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Research advances and management of soybean sudden death syndrome

Hartman, G.L., Chang, H.-X., Leandro, L.F.
Crop protection 2015 v.73 pp. 60-66
Fusarium, Glycine max, abortion (plants), crop rotation, death, defoliation, developmental stages, flowers, fungal diseases of plants, genetic engineering, seed treatment, soil types, soybeans, tillage, Arkansas, South America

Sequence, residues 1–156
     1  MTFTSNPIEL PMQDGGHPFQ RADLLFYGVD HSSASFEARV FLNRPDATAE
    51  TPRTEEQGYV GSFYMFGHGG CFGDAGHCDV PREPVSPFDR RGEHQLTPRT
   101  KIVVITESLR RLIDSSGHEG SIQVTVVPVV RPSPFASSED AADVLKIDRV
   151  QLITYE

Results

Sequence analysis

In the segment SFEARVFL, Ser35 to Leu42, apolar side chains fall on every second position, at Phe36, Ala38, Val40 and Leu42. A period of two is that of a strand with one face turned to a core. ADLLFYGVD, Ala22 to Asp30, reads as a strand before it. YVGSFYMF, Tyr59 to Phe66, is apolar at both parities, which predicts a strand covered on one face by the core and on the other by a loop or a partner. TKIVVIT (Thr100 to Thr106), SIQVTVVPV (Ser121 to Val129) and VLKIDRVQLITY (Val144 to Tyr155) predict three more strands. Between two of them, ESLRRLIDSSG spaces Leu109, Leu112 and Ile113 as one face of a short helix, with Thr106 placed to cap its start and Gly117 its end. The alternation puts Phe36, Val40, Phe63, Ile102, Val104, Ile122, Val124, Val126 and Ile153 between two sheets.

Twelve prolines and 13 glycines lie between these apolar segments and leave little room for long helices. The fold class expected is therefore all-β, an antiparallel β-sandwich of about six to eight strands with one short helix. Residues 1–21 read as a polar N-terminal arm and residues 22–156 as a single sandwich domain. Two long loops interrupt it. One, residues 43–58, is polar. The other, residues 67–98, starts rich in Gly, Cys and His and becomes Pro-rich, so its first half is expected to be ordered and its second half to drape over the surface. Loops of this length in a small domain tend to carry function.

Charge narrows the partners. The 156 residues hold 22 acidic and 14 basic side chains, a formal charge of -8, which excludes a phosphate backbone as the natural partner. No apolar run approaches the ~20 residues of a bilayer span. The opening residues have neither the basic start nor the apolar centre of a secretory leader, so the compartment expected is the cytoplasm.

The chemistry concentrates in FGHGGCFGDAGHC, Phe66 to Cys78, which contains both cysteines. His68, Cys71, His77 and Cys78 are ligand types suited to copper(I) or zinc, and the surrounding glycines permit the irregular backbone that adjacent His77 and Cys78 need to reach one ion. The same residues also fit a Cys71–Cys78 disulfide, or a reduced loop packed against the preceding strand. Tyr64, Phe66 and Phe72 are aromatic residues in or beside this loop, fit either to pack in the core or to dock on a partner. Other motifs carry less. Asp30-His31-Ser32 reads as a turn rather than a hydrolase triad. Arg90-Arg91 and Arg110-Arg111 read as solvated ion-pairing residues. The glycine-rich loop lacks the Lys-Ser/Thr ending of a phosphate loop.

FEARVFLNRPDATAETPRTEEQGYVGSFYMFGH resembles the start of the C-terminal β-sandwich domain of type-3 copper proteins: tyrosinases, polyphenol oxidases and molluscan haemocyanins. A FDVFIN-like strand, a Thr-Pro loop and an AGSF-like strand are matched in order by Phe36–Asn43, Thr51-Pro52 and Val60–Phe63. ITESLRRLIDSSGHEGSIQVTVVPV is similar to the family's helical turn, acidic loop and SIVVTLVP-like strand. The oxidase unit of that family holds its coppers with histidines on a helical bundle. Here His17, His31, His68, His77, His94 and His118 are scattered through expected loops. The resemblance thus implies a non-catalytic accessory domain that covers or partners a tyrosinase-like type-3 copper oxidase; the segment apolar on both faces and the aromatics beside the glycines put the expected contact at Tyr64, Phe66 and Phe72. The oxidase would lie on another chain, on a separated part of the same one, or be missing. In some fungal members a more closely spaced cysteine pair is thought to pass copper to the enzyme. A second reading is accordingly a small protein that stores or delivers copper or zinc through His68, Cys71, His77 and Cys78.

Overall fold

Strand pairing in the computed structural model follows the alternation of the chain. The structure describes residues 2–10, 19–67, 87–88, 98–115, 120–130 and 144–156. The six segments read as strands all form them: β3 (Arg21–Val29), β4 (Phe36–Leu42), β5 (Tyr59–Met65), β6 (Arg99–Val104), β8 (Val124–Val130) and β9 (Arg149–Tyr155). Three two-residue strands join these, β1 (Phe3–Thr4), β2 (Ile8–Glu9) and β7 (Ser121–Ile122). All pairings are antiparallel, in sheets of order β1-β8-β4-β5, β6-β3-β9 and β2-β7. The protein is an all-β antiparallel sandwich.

Fusarium virguliforme causes soybean sudden death syndrome (SDS) in the United States. The disease was first observed in Arkansas in 1971, and since has been reported in most soybean-producing states, with a general movement from the southern to the northern states. In addition to F. virguliforme, three other species, Fusarium brasiliense, Fusarium crassistipitatum, and Fusarium tucumaniae, have been reported to cause SDS in South America. Yield losses caused by F. virguliforme range from slight to 100%. Severely infected plants often have increased flower and pod abortion, reduced seed size, increased defoliation, and prematurely senescence. Foliar symptoms observed in the field are most noticeable from mid to late reproductive growth stages. To manage SDS, research on crop rotations, soil types, tillage practices, seed treatments, and the development and utilization of host resistance has been investigated. This review focuses on what is known about F. virguliforme, the management of SDS in the United States, and how genetic engineering along with other traditional management options may be needed as integrated approaches to manage SDS.